Be smart with the "add to cart" button
This is the most important element of the page from the perspective of conversion optimization. The "add to cart" button must be easy to find; otherwise, you'll risk losing potential customers.
The fashion brand Lulu's websites provides us with another excellent example of how the "add to bag" button can be effectively used to drive sales on product pages. The main color theme of the website is black, but if you focus on the add to bag button, you'll notice it stands out because it's pink.
Takeaway: The "add to cart" button needs to stand out from the overall color scheme of the page so the user can easily identify it and proceed towards the checkout.
Cross sell and upsell
You can always add elements on your product page that will help you cross-sell and upsell stuff to get the most out of a customer.
This is a great example of cross-selling by Nordstrom. I don’t think their placement is outstanding at the moment, but when you're implementing this on your product page you can do some testing to see what works best for your audience.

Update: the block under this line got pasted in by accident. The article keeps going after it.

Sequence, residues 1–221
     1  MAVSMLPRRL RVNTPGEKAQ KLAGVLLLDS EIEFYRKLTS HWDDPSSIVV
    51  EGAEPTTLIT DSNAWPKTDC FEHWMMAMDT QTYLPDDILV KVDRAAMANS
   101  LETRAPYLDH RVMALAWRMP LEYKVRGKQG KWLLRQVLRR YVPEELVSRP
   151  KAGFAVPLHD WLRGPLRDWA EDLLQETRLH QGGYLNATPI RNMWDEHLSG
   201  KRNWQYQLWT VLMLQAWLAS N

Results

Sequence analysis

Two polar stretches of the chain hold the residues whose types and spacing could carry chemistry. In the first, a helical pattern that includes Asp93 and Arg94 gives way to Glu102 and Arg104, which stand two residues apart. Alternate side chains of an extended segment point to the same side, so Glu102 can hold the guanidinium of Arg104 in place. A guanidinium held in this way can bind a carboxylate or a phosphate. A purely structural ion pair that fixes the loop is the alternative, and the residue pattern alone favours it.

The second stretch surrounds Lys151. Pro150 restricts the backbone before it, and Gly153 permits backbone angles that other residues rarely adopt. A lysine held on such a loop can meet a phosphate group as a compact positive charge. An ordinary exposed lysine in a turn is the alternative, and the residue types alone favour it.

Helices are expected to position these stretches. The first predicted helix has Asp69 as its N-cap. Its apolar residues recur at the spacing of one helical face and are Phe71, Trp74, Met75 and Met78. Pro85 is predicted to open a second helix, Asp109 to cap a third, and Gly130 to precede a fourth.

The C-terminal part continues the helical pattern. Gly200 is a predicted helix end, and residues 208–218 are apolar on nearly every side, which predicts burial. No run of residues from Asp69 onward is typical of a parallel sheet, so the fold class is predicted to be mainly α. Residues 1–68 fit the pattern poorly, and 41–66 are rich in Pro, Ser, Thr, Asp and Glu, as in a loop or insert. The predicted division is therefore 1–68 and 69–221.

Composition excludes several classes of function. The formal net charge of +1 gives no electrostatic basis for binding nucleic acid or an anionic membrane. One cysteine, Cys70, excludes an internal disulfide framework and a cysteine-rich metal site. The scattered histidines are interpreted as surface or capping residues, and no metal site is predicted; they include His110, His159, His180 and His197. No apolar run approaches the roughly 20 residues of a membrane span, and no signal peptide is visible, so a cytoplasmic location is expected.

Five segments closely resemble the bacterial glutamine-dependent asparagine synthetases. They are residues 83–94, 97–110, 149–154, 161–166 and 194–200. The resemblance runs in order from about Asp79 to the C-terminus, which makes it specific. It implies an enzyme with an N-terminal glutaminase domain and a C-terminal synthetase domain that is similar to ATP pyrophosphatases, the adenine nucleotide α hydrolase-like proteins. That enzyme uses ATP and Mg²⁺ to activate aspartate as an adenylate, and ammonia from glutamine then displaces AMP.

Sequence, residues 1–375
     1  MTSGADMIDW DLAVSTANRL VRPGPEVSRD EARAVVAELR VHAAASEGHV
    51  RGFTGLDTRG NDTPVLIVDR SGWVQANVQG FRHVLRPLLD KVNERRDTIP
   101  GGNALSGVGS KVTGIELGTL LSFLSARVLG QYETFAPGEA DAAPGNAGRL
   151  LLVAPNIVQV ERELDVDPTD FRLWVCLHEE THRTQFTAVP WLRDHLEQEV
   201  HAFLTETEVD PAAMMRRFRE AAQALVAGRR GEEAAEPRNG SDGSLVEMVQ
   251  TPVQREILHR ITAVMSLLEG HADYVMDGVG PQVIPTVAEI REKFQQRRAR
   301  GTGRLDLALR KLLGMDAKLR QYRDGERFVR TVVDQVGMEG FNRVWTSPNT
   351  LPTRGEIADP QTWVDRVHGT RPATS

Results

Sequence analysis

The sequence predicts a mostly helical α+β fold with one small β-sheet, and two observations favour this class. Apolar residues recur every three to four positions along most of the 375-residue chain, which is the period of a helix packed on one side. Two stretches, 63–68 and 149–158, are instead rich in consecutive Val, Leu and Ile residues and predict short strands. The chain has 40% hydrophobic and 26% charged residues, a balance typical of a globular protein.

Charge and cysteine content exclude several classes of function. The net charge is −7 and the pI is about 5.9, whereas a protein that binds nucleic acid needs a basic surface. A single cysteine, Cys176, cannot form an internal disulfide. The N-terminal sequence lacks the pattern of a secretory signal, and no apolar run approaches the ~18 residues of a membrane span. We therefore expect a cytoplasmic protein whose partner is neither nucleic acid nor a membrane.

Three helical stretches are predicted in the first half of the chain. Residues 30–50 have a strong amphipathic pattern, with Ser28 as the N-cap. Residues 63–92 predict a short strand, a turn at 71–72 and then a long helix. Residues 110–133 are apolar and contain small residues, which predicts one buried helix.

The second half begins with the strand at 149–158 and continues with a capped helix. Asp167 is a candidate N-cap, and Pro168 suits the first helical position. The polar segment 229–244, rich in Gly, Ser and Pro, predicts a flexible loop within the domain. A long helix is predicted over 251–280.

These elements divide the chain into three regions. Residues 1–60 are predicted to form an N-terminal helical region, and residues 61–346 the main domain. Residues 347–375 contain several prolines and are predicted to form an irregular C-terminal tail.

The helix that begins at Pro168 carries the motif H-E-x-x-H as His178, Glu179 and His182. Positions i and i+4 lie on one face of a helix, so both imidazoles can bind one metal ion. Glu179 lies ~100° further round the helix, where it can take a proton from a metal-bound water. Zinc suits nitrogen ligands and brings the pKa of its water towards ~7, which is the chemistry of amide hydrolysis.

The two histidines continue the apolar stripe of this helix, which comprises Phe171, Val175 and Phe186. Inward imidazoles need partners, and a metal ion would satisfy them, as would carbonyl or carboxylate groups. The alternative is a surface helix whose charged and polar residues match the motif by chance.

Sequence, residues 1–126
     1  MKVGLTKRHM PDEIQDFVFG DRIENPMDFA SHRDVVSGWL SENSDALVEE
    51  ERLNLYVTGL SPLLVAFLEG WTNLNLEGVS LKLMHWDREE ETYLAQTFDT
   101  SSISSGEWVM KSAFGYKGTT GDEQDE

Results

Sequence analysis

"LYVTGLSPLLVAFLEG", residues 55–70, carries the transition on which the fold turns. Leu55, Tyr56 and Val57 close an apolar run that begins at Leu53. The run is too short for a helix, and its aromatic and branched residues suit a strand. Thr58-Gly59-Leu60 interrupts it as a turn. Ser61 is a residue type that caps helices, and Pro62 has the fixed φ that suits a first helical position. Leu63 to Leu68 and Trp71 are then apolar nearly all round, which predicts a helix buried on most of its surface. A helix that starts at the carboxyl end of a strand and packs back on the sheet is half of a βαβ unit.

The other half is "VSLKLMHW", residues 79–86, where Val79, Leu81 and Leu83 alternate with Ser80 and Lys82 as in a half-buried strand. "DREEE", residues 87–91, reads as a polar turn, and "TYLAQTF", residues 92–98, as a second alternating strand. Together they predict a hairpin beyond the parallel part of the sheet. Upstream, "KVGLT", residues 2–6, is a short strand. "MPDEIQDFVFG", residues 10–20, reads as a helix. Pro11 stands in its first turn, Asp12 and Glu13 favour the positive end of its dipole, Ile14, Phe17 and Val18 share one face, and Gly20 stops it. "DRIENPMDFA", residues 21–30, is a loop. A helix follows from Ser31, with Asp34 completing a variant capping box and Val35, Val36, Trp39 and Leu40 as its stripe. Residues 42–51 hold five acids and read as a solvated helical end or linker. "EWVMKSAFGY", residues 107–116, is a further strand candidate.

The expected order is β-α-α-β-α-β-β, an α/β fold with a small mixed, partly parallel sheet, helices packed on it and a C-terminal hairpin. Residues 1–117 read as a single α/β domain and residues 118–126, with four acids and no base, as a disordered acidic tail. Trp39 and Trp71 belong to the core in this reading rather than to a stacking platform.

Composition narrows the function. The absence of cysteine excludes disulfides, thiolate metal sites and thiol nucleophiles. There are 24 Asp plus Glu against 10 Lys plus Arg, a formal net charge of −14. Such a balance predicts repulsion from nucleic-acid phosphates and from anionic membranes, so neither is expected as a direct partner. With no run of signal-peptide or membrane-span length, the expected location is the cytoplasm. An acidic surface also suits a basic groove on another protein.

Takeaway: Consider showing related products together with the product that the user intends to buy (cross-selling) or selling related products as a package (upselling).
An e-commerce website is incomplete without live chat
The numbers speak for themselves.
If you're a business that supplies products to several countries, try using live chat software that supports multiple languages to help you build better relations with overseas clients.
Takeaway: Do I really need live chat software on my website? An e-commerce business should quit pondering this question and start investing in live chat.
This one is a personal favorite. There's no serious e-commerce website on earth that won't add the price on the product page or will make it hard to find. So, why are we even talking about this in the first place?
That's because as a business you should remain mindful of a few things when including pricing on product pages:
- Make prices clear and easy to read.
- There are different pricing strategies you can try. I wrote a detailed article on the subject a while ago and you can read it here: 4 Pricing Strategies for SaaS Startups to Increase Conversion Rate (applicable to e-commerce, as well).